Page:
The competition watchdog’s review, under the informal merger review process guidelines, was commenced last October. It was also in late 2020 when other regulators like the European Commission (EC) and New Zealand’s Commerce Commission outlined their respective preliminary issues surrounding the mammoth union.
Earlier this month, the Competition and Consumer Commission of Singapore ran a consultation as part of its own regulatory probe. The EC, meanwhile, has extended its decision deadline by 10 working days to July 27, 2021.
As the European Union’s executive arm, part of the commission’s remit is assessing mergers to prevent market concentrations that significantly impede effective competition in the European Economic Area. In 2019, Jardine Lloyd Thompson Group had to offload its global aerospace practice so Marsh McLennan’s takeover could get the EC all-clear.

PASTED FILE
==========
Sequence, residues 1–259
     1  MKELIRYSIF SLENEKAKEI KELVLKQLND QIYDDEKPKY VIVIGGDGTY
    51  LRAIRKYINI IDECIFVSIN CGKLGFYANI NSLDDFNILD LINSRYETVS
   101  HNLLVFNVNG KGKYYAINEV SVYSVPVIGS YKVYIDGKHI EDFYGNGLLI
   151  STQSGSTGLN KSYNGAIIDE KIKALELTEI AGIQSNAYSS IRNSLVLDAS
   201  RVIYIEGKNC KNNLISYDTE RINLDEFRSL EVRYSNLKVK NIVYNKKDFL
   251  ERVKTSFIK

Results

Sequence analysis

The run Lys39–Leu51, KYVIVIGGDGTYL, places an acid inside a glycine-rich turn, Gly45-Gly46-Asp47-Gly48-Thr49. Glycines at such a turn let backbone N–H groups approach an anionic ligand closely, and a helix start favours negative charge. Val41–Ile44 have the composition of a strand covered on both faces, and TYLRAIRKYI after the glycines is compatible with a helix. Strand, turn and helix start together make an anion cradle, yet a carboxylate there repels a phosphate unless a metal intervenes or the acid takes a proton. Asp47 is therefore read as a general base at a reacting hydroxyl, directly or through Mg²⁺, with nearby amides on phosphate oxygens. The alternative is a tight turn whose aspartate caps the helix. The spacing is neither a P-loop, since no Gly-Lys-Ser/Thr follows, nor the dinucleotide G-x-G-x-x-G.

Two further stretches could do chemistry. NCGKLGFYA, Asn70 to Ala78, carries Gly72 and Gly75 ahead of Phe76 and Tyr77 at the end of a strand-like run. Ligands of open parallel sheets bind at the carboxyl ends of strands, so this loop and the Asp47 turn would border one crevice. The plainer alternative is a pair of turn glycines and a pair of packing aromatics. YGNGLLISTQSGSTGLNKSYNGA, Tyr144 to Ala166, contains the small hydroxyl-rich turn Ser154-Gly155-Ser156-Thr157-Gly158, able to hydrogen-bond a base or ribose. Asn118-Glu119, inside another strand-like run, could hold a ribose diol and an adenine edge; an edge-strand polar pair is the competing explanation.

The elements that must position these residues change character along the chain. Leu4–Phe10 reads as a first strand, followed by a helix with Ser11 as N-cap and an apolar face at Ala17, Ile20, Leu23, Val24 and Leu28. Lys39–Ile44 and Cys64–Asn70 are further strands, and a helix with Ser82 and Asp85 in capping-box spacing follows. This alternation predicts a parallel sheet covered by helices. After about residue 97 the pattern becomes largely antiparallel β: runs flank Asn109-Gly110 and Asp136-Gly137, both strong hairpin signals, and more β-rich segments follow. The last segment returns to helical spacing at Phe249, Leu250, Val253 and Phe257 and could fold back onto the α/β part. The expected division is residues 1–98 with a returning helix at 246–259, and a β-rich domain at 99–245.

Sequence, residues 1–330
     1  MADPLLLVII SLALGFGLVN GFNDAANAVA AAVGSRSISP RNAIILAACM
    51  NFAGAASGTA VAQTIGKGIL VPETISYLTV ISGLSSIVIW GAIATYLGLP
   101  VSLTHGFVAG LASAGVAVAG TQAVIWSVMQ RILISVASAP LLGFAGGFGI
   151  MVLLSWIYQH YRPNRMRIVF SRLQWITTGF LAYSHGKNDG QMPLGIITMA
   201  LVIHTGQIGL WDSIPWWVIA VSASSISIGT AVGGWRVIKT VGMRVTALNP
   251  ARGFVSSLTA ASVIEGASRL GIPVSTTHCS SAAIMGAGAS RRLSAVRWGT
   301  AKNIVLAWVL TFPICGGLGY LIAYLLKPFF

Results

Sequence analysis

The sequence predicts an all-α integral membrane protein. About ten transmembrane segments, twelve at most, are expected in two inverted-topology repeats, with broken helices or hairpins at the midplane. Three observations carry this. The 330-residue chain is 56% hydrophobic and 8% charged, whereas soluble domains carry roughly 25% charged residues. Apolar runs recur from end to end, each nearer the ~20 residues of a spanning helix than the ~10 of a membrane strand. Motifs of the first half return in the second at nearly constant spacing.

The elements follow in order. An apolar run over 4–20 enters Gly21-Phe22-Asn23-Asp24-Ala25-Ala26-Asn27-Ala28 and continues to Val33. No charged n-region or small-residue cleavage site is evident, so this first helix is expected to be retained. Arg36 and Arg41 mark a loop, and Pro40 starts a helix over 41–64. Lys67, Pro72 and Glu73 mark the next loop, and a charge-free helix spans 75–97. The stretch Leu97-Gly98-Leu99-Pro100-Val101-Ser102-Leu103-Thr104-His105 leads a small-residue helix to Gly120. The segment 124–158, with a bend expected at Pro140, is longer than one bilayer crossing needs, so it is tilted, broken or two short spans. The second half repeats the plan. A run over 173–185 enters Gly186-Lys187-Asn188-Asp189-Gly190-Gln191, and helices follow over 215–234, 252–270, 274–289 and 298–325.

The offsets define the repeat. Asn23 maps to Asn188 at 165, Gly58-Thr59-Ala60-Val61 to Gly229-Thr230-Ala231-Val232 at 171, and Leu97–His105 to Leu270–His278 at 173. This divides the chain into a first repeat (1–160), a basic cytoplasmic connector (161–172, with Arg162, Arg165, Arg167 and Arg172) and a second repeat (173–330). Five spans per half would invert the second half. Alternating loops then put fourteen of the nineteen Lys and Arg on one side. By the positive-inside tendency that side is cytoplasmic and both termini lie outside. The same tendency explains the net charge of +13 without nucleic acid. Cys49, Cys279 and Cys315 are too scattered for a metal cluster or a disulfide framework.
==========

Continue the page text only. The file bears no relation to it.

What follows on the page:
It’s been reported that certain businesses within Aon-WTW will also have to be sold in order to get the transaction across the finish line.
In a recent interview with Insurance Business, Aon Australia chief executive James Baum stated: “Everybody understands that there’s a role for regulators all around the world to play, and that’s what everybody is working through at the moment.”
Both domiciled in Ireland and headquartered in the UK, Aon and WTW operate in more than 120 and 140 countries, respectively.